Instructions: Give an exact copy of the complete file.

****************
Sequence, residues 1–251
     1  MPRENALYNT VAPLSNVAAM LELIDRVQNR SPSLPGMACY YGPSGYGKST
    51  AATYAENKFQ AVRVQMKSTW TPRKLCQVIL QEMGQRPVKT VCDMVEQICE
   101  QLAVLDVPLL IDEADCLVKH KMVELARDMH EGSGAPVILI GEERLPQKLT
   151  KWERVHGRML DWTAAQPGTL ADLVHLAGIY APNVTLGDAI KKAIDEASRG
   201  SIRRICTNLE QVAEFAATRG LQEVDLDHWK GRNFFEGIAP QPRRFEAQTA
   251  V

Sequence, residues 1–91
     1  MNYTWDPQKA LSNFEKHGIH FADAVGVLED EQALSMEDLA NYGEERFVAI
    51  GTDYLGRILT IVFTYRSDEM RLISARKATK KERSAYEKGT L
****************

Sequence, residues 1–251
     1  MPRENALYNT VAPLSNVAAM LELIDRVQNR SPSLPGMACY YGPSGYGKST
    51  AATYAENKFQ AVRVQMKSTW TPRKLCQVIL QEMGQRPVKT VCDMVEQICE
   101  QLAVLDVPLL IDEADCLVKH KMVELARDMH EGSGAPVILI GEERLPQKLT
   151  KWERVHGRML DWTAAQPGTL ADLVHLAGIY APNVTLGDAI KKAIDEASRG
   201  SIRRICTNLE QVAEFAATRG LQEVDLDHWK GRNFFEGIAP QPRRFEAQTA
   251  V

Sequence, residues 1–91
     1  MNYTWDPQKA LSNFEKHGIH FADAVGVLED EQALSMEDLA NYGEERFVAI
    51  GTDYLGRILT IVFTYRSDEM RLISARKATK KERSAYEKGT L